Pharmacologic Category Antioxidant & Cell Protectorant;1 Reducing Agent
General Information: Glutathione (GSH) is a peptide composed of the amino acids glutamine, cysteine, and glycine. Glutathione is water-soluble, a potent reducing agent, high-abundance and low-molecular-weight intracellular thiol, and antioxidant.
Glutathione catalyzes glutathione S-transferases (GST) and glutathione peroxidases (GPx). Thus, playing a role in detoxification by eliminating toxic electrophilic molecules and reactive peroxides. Glutathione plays a crucial role in a detoxification system that is fundamental in plants, mammals, and fungi.2
Aside from its detoxification role it is important for a variety of essential cellular reactions. Its presence in the glyoxalase system, is fundamental to DNA and RNA nucleotide reduction. Glutathione is also a constituent in the regulation of protein and gene expression, exchange reactions including thiol to disulfide ratios involve glutathione.3
Glutathione can exist intracellularly in either an oxidized (glutathione disulfide) or reduced (glutathione) molecular state. The ratio of reduced glutathione to glutathione disulfide has been shown to be critical in cell survival, this system is very tightly regulated.
Deficiency of glutathione puts the cell at risk for oxidative damage. An imbalance of glutathione is present in many pathologies including cancer, neurodegenerative disorders, cystic fibrosis (CF), HIV and aging.
Glutathione therapy: Placebo-controlled, double-blind, cross-over trial of glutathione therapy in male infertility1
- Intramuscular injection every other day of either 600 mg glutathione
- Glutathione therapy demonstrated a statistically significant positive effect on sperm motility, in particular on the percentage of forward motility, the kinetic parameters of the computerized analysis and on sperm morphology
Randomized, double-blind, pilot evaluation of intravenous glutathione in Parkinson's disease4
Administration: Subjects were randomly assigned to receive intravenous glutathione 1,400 mg or placebo administered three times a week for 4 weeks
- Preliminary efficacy data suggest the possibility of a mild symptomatic effect, but this remains to be evaluated in a larger study.
Effect of glutathione infusion on leg arterial circulation, cutaneous microcirculation, and pain-free walking distance in patients with peripheral obstructive arterial disease: a randomized, double-blind, placebo-controlled trial5
- glutathione prolongs pain-free walking distance, improvement of macrocirculatory parameters, improvement microcirculatory parameters
Glutathione supplementation suppresses muscle fatigue induced by prolonged exercise via improved aerobic metabolism6
- mice supplemented with (2.0%, 5 μL/g body weight)
- supplementation improved lipid metabolism and acidification in skeletal muscles during exercise less muscle fatigue
Mechanism of Action: Glutathione is an essential molecule required for detoxification. Glutathione acts by assisting the body’s machinery in the removal of harmful destructive oxygen containing molecules.
During the body’s normal functioning an excess of oxygen containing molecules are produced, these molecules are typically very reactive with other molecules they come in contact with. In modern biochemistry these are referred to as reactive O2 species.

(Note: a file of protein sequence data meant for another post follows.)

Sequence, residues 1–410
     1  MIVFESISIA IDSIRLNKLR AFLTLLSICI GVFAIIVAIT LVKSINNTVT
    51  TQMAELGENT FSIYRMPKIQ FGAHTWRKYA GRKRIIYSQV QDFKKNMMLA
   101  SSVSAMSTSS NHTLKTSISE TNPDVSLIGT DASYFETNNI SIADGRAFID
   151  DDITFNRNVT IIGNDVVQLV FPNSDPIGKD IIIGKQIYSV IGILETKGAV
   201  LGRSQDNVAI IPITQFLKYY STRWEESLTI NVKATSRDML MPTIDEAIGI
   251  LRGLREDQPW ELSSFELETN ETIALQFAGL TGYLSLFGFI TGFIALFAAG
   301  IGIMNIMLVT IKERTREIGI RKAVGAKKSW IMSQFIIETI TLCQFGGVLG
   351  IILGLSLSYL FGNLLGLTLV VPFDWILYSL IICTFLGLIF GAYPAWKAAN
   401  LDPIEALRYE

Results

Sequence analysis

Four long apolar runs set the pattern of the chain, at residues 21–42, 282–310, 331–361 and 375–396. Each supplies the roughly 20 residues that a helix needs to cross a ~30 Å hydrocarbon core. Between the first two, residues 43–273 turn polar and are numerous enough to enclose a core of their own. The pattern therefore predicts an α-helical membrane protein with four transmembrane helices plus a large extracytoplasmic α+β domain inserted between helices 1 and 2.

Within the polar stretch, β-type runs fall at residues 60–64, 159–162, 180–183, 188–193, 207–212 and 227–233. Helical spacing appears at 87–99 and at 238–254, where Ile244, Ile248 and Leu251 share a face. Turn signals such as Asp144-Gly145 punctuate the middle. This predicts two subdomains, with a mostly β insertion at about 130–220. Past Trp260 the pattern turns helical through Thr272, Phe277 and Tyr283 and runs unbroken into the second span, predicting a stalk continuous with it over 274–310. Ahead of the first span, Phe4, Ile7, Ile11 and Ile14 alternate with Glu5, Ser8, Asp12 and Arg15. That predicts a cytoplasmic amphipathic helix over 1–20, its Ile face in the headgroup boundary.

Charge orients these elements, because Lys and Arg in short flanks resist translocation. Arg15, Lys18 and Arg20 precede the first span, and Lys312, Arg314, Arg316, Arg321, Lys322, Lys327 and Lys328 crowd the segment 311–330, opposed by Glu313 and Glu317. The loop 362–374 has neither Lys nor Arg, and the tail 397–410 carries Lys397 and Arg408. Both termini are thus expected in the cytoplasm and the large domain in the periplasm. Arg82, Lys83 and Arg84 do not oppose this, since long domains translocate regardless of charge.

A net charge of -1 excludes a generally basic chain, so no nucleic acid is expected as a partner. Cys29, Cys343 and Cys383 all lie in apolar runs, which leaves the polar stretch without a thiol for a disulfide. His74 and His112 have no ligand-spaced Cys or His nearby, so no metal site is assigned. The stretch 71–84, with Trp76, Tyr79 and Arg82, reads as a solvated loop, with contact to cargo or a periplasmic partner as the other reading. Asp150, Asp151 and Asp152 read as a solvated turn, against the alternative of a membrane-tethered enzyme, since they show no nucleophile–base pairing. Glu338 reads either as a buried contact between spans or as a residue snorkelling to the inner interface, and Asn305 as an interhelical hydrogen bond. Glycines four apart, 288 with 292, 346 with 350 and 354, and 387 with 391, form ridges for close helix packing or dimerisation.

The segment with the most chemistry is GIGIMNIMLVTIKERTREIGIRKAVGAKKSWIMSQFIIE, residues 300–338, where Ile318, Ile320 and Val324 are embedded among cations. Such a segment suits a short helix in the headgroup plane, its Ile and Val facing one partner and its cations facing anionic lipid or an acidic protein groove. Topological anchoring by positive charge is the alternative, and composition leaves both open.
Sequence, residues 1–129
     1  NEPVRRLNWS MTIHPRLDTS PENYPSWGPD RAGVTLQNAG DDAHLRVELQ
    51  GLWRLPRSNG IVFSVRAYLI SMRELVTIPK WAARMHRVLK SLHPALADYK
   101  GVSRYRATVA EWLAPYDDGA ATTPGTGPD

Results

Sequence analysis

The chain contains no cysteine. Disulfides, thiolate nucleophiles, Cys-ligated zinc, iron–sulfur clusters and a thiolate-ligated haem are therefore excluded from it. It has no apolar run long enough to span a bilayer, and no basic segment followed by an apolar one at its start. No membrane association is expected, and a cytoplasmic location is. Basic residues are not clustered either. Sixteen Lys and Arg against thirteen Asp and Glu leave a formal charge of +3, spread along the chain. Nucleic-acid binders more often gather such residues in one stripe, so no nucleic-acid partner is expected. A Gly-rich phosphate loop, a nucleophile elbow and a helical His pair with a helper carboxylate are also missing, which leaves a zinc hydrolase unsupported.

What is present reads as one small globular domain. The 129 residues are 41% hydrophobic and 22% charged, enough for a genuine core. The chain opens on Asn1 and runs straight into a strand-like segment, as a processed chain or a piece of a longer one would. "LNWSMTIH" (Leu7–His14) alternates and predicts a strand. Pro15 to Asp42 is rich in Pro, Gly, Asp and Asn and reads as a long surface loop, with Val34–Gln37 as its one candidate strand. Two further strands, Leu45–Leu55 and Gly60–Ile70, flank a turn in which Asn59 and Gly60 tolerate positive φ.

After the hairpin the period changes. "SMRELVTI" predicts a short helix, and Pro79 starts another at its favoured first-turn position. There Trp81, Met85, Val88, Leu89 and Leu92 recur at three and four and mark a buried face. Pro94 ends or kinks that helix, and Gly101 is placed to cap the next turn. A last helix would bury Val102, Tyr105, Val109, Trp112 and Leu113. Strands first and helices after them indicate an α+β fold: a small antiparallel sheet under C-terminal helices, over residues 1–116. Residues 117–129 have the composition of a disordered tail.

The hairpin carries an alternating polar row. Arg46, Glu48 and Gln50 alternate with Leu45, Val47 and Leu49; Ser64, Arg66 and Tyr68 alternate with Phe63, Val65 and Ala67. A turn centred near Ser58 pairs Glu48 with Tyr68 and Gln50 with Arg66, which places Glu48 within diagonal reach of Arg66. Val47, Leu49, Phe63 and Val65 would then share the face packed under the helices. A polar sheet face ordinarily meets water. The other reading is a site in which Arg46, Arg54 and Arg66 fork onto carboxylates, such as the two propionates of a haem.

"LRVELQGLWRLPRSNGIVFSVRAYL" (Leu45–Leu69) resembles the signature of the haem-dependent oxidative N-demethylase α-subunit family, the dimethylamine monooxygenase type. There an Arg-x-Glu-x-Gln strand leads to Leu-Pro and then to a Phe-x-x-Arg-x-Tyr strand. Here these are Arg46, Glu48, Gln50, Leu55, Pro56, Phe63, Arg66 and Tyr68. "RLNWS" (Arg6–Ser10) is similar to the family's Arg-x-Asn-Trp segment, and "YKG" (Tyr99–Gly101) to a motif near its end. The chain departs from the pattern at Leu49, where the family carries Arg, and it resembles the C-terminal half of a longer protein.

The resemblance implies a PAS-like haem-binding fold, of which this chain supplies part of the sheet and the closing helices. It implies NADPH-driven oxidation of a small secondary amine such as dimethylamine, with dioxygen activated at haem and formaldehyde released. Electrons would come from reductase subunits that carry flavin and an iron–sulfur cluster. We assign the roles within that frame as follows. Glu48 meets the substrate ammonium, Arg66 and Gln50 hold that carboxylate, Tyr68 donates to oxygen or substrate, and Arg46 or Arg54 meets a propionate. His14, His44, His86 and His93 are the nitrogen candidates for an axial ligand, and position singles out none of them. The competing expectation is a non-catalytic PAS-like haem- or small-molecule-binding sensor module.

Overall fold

Reactive O2 species molecules include peroxide (H2O2) and superoxide anions (O2 with unpaired electron) these molecules are very toxic to the cell. The toxicity can be explained by the tendency of these molecules to bind or destroy important biomolecules.
The body has a natural system to remove these reactive O2 species. These systems metabolize and scavenge for reactive oxygen species, in a controlled and precise fashion.
The system that removes these toxic reactive oxygen species includes a host of enzymes including four enzymes
- Glutathione peroxidase (GPX)- GPX detoxifies peroxides with glutathione acting as an electron donor in the reduction reaction, producing glutathione disulfide as an end product.
- is a 80 kDa protein that is composed of four identical subunits. It is expressed throughout the entire body, individual isoforms are present in specific tissues. When the body is in a state of excess oxidative stress the expression of this enzyme is induced. Abnormal expression has been associated with a wide variety of pathologies, including hepatitis,7 HIV,8 and a wide variety of cancers, including skin,9 kidney,10 bowel,11 and breast.12
- Glutathione reductase (GR)- catalyzes reduction of glutathione disulfide is by requires NADPH producing two glutathione molecules as an end product. GR is a member of the flavoprotein disulfide oxidoreductase family and exists as a dimer.3 Expression of GR is upregulated during periods of increased oxidative stress, to prepare for reactive oxygen species removal. The level at which regulation takes place is at the transcriptional level as well as at the post-translational level. Down regulation of GR production and activity are thought to be associated with cancer and aging.4
- Catalase- is involved in detoxification of reactive oxygen species.
- Superoxide dismutase (SOD)- is involved in the removal of superoxide species.
Parkinson’s disease: Glutathione is present in millimolar concentrations throughout brain tissue.13 Oxidative stress and tissue damage can occur at a greater rate in the brain when compared to other tissues.14 Glutathione homeostasis disruption may lead to oxidative stress in the brain, leading to disease states including Parkinson’s disease. Parkinson’s disease affects 1% of individuals over the age of 65, symptoms include impaired motor function, cognitive function and neurodegeneration.15 The disease stems from the chronic-age-related degradation of dopaminergic neurons.16 Parkinson’s disease is characterized dopamine deficiency. During metabolism of dopamine reactive oxygen species are generated including H2O2.